Becoming a hero to a child: Student-athletes volunteer in local schools

Becoming a hero to a child: Student-athletes volunteer in local schools

Between balancing practice, classes, homework and jobs, Davenport University student-athletes are dedicating time to mentor children in Caledonia schools.

The HEROES Mentoring Program, led by the DU Volunteer Center at the W.A Lettinga Campus, focuses on helping middle school students develop competence and character.

“The DU volunteers get a lot out of being there for someone else and knowing they have the ability to change someone’s life,” said Maddie Poindexter, AmeriCorps VISTA and volunteer coordinator at DU.

Poindexter, who oversees the program, said the volunteers aid students with homework, play sports with them and help address serious topics such as bullying.

“I think the DU students learn a lot about themselves,” she said. “Some of them are a little fearful or concerned at the beginning with those questions of whether the students will like them and how they will get to know them. Then they find out the middle school students just wants to spend time with them.”

The children enjoy the one-on-one attention that they might not be getting elsewhere.

“A lot of the mentees do not have a strong family life when they go home after school, so sometimes this 45 minutes is the only time someone is asking them how they are doing,” she said.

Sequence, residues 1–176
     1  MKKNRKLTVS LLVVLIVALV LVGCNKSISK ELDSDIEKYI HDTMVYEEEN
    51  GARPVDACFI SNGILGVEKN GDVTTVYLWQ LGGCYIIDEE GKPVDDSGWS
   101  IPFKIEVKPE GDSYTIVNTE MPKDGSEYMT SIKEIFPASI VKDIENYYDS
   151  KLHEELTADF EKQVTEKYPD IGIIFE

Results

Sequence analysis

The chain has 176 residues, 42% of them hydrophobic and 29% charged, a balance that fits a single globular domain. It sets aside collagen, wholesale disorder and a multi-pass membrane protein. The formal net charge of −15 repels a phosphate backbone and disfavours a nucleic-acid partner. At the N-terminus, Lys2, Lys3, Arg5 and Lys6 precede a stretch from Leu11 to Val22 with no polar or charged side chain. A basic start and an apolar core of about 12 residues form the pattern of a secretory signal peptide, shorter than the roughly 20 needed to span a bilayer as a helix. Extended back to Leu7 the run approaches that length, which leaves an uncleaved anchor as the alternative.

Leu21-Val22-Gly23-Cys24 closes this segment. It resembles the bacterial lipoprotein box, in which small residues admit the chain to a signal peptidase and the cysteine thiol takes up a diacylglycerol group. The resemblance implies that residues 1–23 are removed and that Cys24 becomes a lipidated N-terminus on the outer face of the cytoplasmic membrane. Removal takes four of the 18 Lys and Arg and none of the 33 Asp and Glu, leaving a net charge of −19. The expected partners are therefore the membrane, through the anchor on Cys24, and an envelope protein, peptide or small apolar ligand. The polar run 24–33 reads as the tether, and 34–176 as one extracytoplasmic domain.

Levi Six, a freshman from Fruitport, Michigan, joined the program because he recalls at a young age looking up to athletes and hoped he could give that to a child someday. Six is studying Sports Marketing and is a member of the wrestling team.

“Every student should participate in the HEROES Mentor Program,” he said. “Not only does it help the student but it helps you connect and become that role-model for someone who needs guidance.”

Jenna Asper, a volleyball player from Caledonia, Michigan, became involved because she remembers her mother mentoring children in the same school.

“All you have to do is show up,” Asper, who is studying Medical Case Management, said. “A lot of the students come from brokenness. You have to build that relationship for them to trust you.”

Paige Gould, a junior from Clare, Michigan, keeps in touch with students she has connected to in the past. Gould is studying Accounting and is on DU’s Track & Field team.

“I have always had a passion for helping others in any way possible,” Gould said. “When I first heard of what the HEROES Mentoring Program was all about, I knew it was something I needed to be a part of. The HEROES program was a place where I could listen to these students who needed someone consistent.”

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